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Internet Protocol

Internet Protocol

IP as a Routed Protocol
IP is a connectionless,
unreliable, best-effort delivery
IP accepts whatever data is
passed down to it from the
upper layers and forwards the
data in the form of IP Packets.
All the nodes are identified
using an IP address.
Packets are delivered from the
source to the destination using
IP address
Internet Protocol

Packet Propagation
Internet Protocol

IP Address
IP address is for the INTERFACE of a host. Multiple
interfaces mean multiple IP addresses, i.e., routers.
32 bit IP address in dotted-decimal notation for ease of
reading, i.e.,
Address, and carries
special meaning.
IP address is divided into a network number and a host
Also bits in Network or Host Address cannot be all 0 or 1.
Internet Protocol

IP Address
Internet Protocol

IP Address
Internet Protocol

IP Address
Class A : Address begins with bit 0. It has 8 bit
network number (range,
24 bit host number.
Class B : Address begins with bits 10. It has 16 bit
network number (range, 16 bit host number.
Class C : Address begins with bits 110. It has 24 bit
network number (range, 8 bit host number.
Class D : Begins with 1110, multicast addresses
Class E : Begins with 11110, unused
Internet Protocol

Subnet Mask
Consider IP address =
First few bits (left to right) identify network/subnet
Remaining bits identify host/interface
Number of subnet bits is called subnet mask, e.g.
Subnet IP Address range is – or Mask =
Subnet IP Address range is – or Mask =
Internet Protocol

IP Address, Subnet Mask and

IP Address and Subnet Mask define the Subnet
For Example IP address and Subnet Mask of means that the subnet address ranges
from to
Another notation is
The first Address is the Network Address and the last
Address is the Broadcast Address. They are reserved
and cannot be assigned to any node.
The Gateway Address is the Address of the router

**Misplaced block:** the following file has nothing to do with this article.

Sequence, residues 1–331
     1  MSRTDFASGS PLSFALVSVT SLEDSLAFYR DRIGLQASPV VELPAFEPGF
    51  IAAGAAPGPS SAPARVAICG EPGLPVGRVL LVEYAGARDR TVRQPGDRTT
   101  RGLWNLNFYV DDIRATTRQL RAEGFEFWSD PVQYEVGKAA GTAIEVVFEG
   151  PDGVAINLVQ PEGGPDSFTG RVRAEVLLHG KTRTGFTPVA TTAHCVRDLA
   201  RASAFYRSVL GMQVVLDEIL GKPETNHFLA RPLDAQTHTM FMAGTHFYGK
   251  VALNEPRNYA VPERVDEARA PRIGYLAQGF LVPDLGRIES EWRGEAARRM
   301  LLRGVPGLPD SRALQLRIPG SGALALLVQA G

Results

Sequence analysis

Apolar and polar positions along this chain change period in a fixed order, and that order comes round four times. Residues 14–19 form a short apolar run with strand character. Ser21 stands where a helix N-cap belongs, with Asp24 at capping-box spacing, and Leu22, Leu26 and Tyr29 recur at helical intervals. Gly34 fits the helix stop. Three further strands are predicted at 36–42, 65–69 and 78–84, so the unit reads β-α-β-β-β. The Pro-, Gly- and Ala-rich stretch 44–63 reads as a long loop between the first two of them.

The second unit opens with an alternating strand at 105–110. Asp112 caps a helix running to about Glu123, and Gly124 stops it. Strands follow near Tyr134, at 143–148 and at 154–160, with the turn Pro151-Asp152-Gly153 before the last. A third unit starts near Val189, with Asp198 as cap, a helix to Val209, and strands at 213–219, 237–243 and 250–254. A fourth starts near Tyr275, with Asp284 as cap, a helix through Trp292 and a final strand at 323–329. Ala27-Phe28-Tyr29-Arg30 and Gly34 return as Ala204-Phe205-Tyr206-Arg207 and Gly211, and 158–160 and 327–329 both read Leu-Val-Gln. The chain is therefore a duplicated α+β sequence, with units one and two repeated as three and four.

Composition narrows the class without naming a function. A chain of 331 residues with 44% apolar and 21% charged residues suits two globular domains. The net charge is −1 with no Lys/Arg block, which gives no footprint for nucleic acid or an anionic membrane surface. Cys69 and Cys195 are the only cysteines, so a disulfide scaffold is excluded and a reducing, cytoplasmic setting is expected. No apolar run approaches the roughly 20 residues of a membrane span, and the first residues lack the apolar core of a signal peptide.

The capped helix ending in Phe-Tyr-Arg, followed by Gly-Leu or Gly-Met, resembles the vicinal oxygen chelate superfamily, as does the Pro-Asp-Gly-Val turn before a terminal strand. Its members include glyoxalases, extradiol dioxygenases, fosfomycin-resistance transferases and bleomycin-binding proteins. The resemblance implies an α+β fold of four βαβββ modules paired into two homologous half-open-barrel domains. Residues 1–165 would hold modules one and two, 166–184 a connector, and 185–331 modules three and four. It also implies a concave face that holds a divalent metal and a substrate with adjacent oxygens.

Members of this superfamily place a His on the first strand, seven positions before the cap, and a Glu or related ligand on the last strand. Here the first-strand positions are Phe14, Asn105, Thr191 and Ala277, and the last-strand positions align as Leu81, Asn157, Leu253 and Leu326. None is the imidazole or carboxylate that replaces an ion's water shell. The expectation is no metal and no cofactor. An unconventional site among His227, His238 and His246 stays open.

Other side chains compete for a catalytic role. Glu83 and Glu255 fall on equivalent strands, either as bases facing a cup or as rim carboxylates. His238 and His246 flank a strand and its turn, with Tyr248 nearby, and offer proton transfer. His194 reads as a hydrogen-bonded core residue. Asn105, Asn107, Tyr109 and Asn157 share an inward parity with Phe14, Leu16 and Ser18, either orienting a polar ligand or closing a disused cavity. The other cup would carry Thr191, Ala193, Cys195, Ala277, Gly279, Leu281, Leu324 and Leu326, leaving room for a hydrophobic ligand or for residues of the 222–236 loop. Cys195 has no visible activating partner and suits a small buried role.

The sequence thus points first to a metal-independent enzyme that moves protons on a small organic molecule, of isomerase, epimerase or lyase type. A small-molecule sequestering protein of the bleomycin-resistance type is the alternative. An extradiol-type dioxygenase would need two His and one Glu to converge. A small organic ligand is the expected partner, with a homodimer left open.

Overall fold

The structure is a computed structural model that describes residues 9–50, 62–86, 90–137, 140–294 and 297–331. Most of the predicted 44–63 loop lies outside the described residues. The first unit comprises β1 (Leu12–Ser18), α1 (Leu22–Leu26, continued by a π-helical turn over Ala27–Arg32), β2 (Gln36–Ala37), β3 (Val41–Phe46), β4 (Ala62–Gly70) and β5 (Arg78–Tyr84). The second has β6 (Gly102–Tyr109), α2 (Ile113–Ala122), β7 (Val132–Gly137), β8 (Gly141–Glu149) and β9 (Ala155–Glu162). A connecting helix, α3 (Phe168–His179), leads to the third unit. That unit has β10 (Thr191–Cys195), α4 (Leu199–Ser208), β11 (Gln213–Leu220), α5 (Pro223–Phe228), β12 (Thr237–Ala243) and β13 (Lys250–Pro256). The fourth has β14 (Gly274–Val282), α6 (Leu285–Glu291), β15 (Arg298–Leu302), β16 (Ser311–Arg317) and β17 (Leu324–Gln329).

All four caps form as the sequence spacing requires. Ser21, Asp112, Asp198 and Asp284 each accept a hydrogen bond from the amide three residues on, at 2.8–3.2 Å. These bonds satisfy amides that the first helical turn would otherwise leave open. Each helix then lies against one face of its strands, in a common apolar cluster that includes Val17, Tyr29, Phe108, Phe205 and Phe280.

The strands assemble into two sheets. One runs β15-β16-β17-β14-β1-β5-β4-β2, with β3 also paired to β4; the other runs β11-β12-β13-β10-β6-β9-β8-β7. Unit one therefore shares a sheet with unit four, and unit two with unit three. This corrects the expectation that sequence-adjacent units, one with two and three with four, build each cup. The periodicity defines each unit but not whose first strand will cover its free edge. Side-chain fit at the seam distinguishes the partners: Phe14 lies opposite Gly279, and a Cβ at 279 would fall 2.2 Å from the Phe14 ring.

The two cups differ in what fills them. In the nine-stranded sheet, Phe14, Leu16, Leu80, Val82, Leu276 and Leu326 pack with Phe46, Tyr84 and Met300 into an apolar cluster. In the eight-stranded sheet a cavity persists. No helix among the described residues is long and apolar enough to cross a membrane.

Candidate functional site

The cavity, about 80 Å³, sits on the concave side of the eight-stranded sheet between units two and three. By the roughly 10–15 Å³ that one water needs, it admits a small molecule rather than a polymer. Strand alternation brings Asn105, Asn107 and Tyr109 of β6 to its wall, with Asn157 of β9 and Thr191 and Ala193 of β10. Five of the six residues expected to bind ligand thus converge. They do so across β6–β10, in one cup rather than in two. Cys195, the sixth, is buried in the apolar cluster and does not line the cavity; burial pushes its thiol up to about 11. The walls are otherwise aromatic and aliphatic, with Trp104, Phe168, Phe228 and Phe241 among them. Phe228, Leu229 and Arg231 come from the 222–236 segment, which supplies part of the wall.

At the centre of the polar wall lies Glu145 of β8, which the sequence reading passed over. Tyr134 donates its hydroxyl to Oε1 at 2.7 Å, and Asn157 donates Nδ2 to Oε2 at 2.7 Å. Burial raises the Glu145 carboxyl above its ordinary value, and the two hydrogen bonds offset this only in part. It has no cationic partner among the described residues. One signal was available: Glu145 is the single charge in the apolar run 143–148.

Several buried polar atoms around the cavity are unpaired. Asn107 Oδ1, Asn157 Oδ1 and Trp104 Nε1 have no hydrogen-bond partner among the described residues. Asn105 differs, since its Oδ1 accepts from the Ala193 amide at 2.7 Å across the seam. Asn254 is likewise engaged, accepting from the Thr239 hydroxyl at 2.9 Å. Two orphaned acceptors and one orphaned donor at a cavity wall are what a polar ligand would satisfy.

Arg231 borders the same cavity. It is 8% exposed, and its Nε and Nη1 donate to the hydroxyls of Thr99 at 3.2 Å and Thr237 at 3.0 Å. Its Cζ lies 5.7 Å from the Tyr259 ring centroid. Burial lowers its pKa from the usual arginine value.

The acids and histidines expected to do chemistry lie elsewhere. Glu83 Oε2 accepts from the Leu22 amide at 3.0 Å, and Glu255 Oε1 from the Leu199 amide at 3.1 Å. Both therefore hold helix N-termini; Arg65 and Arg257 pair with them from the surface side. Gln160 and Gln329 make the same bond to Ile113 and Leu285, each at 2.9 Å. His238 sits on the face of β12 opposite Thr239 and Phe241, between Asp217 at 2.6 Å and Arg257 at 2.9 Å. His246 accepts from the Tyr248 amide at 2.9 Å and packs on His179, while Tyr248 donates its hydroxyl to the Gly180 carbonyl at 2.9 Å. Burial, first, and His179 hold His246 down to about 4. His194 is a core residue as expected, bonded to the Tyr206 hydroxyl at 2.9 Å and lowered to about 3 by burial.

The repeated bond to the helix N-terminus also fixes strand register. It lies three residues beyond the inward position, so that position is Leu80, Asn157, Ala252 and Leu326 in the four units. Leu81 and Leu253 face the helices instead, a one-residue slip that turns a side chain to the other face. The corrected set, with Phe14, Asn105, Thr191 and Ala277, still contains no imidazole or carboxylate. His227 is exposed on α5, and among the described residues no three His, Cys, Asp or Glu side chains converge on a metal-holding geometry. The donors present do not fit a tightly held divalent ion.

where the packet should be sent in case the
destination host does not belong to the same subnet
Internet Protocol

IP Configuration of an Interface
Static DHCP
Internet Protocol

ARP (Address Resolution Protocol) is used in
Ethernet Networks to find the MAC address of a
node given its IP address.
Source node (say sends broadcast
message (ARP Request) on its subnet asking ``Who
All computers on subnet receive this request
Destination responds (ARP Reply) since it has
Provides its MAC address in response
Internet Protocol

Internet Protocol Version 4 is the most popular protocol in use
today, although there are some questions about its capability
to serve the Internet community much longer.
IPv4 was finished in the 1970s and has started to show its age.
The main issue surrounding IPv4 is addressing—or, the lack
of addressing—because many experts believe that we are
nearly out of the four billion addresses available in IPv4.
Although this seems like a very large number of addresses,
multiple large blocks are given to government agencies and
large organizations.
IPv6 could be the solution to many problems posed by IPv4
Internet Protocol

IPv6 uses 128 bit address instead of 32 bit address.
The IPv6 addresses are being distributed and are
supposed to be used based on geographical